2. Removing the window frame from the window of the house

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2. Removing the window frame from the window of the house:[1]

The door of a house and of a Bor pit and Dus pit[2] or of vessels which are attached to the ground, such as for example a chicken coop which is a vessel and is attached to the ground, it is forbidden to either remove or return [these doors into or out of their sockets even if they are placed in loosely], as anything attached to the ground has the [prohibition] of building [it] and destroying [it][3].[see note[4]]

Thus that which is accustomed to be done by large [festive] meals [on Shabbos], to remove the windows through a gentile[5], is not proper to be done being that this removal carries with it the liability to bring a Chatas offering if it were to be done by a Jew, being that he is destroying[6] [the window] in order to build it [again latter][7], as one plans to eventually return [the window] afterwards [back to its opening]. Therefore, when one tells a gentile [to do so] this [telling him] is a total Rabbinical prohibition and is not [within the category of] a Rabbinical decree on a Rabbinical decree which was permitted in order to prevent pain, as was explained in chapter 307 [Halacha 12].

Other opinions: [However,] according to those that say that destroying in order to rebuild is only [Biblically] liable if one had intention that the rebuilding of it will make it better than the way it was originally, as explained in chapter 278 [Halacha 2], then the removal of the windows is only a Rabbinical prohibition [as here the eventual reinsertion of the window is done in no better a way then the way the window was before it was removed], and [thus it is permitted] to tell a gentile [to remove the windows in the above scenario as it] is a Rabbinical decree upon a Rabbinical decree which is allowed to be done in a distressful situation [such as here that it is too hot in the house and one needs to remove the windows for a breeze].

The Final Ruling:[8]  [Due to the above existing opinion one] therefore does not need to reprimand people who are lenient [to ask a gentile to do so] being that they have upon whom to rely. However, every person should be stringent upon himself like the first opinion which is the main [Halachic] opinion.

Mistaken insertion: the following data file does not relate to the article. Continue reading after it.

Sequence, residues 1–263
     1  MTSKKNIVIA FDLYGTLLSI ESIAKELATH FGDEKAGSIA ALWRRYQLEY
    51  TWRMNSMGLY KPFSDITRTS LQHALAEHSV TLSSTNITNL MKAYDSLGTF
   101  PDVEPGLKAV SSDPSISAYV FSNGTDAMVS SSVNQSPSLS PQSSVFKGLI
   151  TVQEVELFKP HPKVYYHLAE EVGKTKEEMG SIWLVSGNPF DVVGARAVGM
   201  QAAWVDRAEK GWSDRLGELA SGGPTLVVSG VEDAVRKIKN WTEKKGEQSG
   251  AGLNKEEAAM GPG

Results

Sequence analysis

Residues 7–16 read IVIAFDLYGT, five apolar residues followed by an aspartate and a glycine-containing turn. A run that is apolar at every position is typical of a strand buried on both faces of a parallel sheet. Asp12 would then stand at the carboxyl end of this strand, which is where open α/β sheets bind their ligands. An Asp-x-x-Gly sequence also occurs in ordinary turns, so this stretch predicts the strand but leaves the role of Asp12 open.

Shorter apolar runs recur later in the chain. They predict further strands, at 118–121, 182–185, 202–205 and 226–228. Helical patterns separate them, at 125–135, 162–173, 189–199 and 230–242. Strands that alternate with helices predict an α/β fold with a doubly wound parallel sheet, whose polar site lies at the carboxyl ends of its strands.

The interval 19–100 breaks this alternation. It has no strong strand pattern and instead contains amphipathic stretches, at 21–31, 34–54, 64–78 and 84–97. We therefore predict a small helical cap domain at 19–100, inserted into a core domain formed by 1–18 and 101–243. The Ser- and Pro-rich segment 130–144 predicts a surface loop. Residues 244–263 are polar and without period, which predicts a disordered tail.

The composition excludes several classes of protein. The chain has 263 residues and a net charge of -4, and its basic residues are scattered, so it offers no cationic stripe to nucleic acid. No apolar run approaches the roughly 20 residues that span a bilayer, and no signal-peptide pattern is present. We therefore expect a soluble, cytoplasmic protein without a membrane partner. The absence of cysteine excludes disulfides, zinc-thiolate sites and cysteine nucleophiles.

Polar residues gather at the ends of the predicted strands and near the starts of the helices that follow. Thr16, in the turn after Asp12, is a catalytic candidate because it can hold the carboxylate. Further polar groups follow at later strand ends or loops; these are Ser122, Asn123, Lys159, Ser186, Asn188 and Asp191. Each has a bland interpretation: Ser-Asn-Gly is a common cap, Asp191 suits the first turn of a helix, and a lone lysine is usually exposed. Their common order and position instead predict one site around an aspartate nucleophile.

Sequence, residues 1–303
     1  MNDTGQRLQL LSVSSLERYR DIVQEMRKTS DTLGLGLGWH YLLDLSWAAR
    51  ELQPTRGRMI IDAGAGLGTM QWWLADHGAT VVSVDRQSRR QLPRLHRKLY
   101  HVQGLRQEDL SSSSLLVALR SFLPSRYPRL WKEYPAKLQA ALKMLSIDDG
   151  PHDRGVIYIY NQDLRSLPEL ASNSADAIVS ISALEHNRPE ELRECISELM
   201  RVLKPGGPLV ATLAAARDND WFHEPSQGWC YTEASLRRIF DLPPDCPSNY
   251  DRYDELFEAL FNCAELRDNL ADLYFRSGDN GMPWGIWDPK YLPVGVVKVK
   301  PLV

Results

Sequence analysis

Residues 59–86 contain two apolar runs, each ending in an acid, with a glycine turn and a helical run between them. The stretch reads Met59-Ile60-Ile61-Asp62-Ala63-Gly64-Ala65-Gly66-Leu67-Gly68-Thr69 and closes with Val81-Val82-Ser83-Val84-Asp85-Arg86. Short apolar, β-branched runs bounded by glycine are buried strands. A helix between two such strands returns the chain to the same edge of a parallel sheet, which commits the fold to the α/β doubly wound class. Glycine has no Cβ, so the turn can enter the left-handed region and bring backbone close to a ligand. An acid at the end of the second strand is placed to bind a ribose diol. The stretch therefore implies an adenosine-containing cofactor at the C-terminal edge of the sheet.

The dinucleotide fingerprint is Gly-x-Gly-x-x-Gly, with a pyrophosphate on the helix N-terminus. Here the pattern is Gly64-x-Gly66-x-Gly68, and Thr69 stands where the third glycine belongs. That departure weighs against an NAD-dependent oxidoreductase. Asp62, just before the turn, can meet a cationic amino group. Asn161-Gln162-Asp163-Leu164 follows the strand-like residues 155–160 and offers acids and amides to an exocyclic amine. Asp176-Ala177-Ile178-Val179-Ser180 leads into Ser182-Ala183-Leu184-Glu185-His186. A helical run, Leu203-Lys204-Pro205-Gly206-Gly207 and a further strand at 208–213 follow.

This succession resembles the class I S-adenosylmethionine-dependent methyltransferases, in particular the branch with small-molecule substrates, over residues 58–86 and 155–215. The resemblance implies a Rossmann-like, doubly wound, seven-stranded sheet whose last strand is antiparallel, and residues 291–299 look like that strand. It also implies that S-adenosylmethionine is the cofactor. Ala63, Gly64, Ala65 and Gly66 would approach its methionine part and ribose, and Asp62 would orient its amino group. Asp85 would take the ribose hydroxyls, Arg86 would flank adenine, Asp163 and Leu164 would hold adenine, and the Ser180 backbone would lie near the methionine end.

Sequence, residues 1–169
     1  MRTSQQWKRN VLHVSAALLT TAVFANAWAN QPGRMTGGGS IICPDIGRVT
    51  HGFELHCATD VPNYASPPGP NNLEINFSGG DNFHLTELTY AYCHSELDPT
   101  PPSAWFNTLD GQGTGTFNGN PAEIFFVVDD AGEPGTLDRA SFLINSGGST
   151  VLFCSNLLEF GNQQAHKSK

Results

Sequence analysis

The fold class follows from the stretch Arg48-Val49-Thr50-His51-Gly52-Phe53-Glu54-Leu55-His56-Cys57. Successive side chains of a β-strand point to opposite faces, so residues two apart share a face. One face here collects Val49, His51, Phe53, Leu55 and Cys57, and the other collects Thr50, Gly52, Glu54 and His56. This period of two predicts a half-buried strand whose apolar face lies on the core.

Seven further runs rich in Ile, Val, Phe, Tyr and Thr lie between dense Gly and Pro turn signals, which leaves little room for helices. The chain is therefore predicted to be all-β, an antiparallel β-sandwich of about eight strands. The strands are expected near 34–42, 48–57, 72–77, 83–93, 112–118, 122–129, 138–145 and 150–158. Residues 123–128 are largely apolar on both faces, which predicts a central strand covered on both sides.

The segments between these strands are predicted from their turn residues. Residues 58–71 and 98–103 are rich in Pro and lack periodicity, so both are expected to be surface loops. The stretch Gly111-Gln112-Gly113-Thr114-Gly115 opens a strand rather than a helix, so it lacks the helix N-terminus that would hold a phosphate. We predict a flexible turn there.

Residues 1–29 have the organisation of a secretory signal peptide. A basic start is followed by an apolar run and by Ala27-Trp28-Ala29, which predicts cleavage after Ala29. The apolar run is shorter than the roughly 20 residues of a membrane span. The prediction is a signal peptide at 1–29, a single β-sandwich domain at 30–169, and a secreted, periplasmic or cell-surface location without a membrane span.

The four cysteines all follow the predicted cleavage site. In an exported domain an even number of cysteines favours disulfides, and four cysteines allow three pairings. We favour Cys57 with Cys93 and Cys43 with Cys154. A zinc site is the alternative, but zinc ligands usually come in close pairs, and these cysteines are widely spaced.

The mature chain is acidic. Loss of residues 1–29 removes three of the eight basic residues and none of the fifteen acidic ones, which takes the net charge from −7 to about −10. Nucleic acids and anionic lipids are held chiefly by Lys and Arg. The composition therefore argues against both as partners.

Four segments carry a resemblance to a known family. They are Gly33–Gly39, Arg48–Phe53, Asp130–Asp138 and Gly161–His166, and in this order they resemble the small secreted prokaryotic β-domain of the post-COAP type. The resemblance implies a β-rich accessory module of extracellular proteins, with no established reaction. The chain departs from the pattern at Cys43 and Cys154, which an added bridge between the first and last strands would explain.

As well one needs to warn the masses that stumble [and transgress] by removing a quarter of the windowpane from the window[9] unknowingly that this contains a great prohibition.


May one ask a gentile to remove a windowpane from the window of a house on Shabbos?

Even if one does not plan to have the windowpane placed back in any better a form then it originally was in, one should not ask a gentile to remove it, although those that are lenient to do so do not need to be rebuked.[10] [See footnote for other opinions[11]]

Regarding asking a gentile to break or take apart a vessel, see the previous chapter. 


[1] Admur 313:17;

[2]  A dus pit is a pit that has a wall surrounding it, while a Bor pit does not have anything surrounding it, and is rather just a hole in the ground. [See Baba Basra 64a and Rashi there] In Chapter 587:1 the Alter Rebbe explains that a Dus is any building which majority of its space is underground level. However, if only minority of it is above ground level, then it has the same law as a house.

[3] This Biblical prohibition applies even if the door was only semi-firmly placed into its sockets. [Ketzos Hashulchan 119 note 4]

[4] However, by a door of a vessel attached to the ground this is only a Rabbinical prohibition and thus it is permitted to remove the covering of an item attached to the ground if it is meant to be constantly opened and closed and if it is not attached onto hinges, as explained in chapter 259 Halacha 7 and in 314 Halacha 19.

[5] Back then the windows were not move in a frame or revolve against hinges, and thus to open the window meant to remove it entirely from the opening in the wall.

[6] Seemingly the case here is discussing a window that is set into sockets in the wall as otherwise it would have the same law as the law in Halacha 1 that it was permitted to place an insert to the window on Shabbos. [So seems to learn also the Ketzos Hashulchan in 119 Halacha 15]

[7] Whenever one destroys in order to rebuild it carries with it the Biblical prohibition of destroying by vessels attached to the ground. However, to destroy and not plan to rebuild is only a Rabbinical prohibition.

[8] Admur ibid

Other opinions: Some Poskim rule one must protest against those that are lenient to ask a gentile to remove the window. [Taz 313:5; M”B 308:38]

[9] Evidently this refers to a window frame made of many removal parts.

[10]  Admur 313:17

[11] There are Poskim [Ashel Avraham 314] which rule that it is permitted in a case of need to ask a gentile to remove a door from its setting as the gentile himself does not have intent to return it.

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